• George Frideric Handel (1685–1759): Chaconne in G major and 21 variations for harpsichord (written 1705–17, published 1733); another in G major and 62 variations for organ (written 1703–06, published 1733)
  • Marin Marais (1656–1728): Chaconne, eighth movement in Suite 3 in F major; another, final movement in Suite in A major; both for viola da gamba and continuo, from Pièces de viole, quatrième livre (1717)
  • Jean-Philippe Rameau (1683–1764): chaconne in D minor from the opera-ballet Les Indes galantes (1735); another in D minor from the opera-ballet Les fêtes d'Hébé (1739); another in A major from the comic opera Platée (1745)
  • Georg Philipp Telemann (1681–1767): "Lilliputian Chaconne," second movement of "Gulliver's Travels," Intrada-Suite in D major for 2 violins, from Der getreue Musikmeister (1728–29)
  • Tommaso Vitali (1663–1745): Chaconne in G minor for violin and piano (c. 1710–1730)
  • Antonio Vivaldi (1678–1741): Ciaccona, third movement of Concerto in G minor for flute, oboe, violin, bassoon, strings (c. 1720)
  • Sylvius Leopold Weiss (1687–1750): Chaconne, eleventh movement in Sonata 1; another, ninth movement in Sonata 2; another, seventh movement in Sonata 10; another, seventh movement in Sonata 12; all for lute (all undated)

19th century


20th century


21st century



  1. ^ Chaconne, naxos.com
  2. ^ Alexander Silbiger, "Chaconne," The New Grove Dictionary of Music and Musicians, ed. Stanley Sadie and J. Tyrrell (London: Macmillan, 2001).
  3. ^ "Un sarao de la chacona" translates as A chacona soirée and is also known as "Chacona: A la vida bona". Lyrics with English translation here: Juan Arañés, ‘¡A la vida bona!’, chacona a4 from Libro segundo de tonos y villancicos (Rome: Giovanni Battista Robletti, 1624).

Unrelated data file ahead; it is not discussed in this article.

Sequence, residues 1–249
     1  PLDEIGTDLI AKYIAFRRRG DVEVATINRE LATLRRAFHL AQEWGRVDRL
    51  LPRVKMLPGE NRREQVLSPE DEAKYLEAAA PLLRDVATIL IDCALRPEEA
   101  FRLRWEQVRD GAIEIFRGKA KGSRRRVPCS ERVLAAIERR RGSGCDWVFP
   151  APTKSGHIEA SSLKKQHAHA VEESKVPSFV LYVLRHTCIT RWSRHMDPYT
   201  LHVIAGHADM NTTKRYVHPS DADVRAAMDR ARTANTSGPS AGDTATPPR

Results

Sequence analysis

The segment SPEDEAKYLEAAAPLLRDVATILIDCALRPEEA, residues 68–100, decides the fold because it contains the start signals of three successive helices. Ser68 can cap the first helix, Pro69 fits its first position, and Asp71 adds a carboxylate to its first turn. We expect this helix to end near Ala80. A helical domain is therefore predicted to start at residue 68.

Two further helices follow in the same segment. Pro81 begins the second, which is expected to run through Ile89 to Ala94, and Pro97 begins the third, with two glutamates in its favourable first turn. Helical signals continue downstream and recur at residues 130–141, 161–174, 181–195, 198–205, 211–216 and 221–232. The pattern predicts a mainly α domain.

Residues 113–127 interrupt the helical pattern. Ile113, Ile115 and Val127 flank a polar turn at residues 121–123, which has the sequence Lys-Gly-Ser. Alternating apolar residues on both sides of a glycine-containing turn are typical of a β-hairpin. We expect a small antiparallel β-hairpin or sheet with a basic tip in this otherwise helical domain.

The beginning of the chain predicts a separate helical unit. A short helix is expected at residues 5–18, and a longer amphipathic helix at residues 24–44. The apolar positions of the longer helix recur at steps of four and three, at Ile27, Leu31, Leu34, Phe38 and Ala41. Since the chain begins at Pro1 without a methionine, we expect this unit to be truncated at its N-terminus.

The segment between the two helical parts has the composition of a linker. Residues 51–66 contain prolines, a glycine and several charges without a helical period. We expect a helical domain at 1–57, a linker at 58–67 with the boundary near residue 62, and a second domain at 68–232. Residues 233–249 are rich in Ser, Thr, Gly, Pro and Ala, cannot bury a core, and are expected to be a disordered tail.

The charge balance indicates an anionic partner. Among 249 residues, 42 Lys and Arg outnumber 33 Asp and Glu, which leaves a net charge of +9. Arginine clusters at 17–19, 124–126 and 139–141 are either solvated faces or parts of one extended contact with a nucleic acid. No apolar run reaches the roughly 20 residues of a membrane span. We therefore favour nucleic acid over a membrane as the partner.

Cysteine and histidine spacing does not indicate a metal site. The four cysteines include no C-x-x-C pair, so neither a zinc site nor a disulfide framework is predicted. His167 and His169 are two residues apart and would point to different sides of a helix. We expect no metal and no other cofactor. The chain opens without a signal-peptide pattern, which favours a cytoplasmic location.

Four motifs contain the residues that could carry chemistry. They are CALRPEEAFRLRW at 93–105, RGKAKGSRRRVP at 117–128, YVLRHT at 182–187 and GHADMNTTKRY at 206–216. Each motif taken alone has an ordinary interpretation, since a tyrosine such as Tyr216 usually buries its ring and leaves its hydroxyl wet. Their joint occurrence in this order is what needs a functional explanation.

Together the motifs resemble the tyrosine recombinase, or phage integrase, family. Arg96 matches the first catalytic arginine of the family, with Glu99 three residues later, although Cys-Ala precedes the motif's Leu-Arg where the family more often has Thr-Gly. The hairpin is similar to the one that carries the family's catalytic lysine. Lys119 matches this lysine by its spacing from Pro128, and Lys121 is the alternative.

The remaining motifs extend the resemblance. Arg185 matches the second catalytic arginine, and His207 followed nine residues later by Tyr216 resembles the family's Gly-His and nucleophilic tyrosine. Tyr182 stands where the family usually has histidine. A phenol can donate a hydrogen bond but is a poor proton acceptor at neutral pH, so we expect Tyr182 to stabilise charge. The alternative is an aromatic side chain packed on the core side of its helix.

4. ^ "Alex Ross: The Rest Is Noise". Alex Ross: The Rest Is Noise.
  5. ^ Gerald Drebes: "Schütz, Monteverdi und die 'Vollkommenheit der Musik' – 'Es steh Gott auf' aus den Symphoniae sacrae II (1647)". In: Schütz-Jahrbuch, volume 14, 1992, pp. 25–55 Archived 2016-03-03 at the Wayback Machine.
  6. ^ Raymond Erickson, "Toward a 21st-Century Interpretation of Bach's Ciaccona for Solo Violin, BWV 1004/5," The American Bach Society Newsletter, Spring 2003
  7. ^ Percy Goetschius, The Larger Forms of Musical Composition: An Exhaustive Explanation of the Variations, Rondos, and Sonata Designs, for the General Student of Musical Analysis, and for the Special Student of Structural Composition ([New York]: G. Schirmer, 1915), 29 and 40.
  8. ^ Lucas, Clarence Lucas, 1908. The Story of Musical Form (The Music Story Series, edited by Frederick J. Crowest. London: The Walter Scott Publishing Co., Ltd.; New York: Charles Scribner’s Sons, 1908), 203.
  9. ^ Manfred Bukofzer, Music in the Baroque Era (New York: Norton, 1947), 42.
  10. ^ Alexander Silbiger, "Passacaglia and Ciaccona: Genre Pairing and Ambiguity from Frescobaldi to Couperin Archived 2008-05-15 at the Wayback Machine," Journal of Seventeenth-Century Music 2, no. 1 (1996).
  11. ^ Alexander Silbiger, "Chaconne" The New Grove Dictionary of Music and Musicians, ed. S. Sadie and J. Tyrrell (London: Macmillan, 2001).
  12. ^ Budd Udell, "Standard Works for Band: Gustav Holst's First Suite in E♭ Major for Military Band." Music Educators Journal 69, no. 4 (1982) page 28. (JSTOR subscription access) – Pam Hurry, Mark Phillips, and Mark Richards, [1] (Oxford: Heinemann Educational Publishers, 2001. ISBN 0-435-81258-0) p. 238. – Clarence Lucas, The Story of Musical Form (The Music Story Series, edited by Frederick J. Crowest. London: The Walter Scott Publishing Co., Ltd.; New York: Charles Scribner’s Sons, 1908) page 203.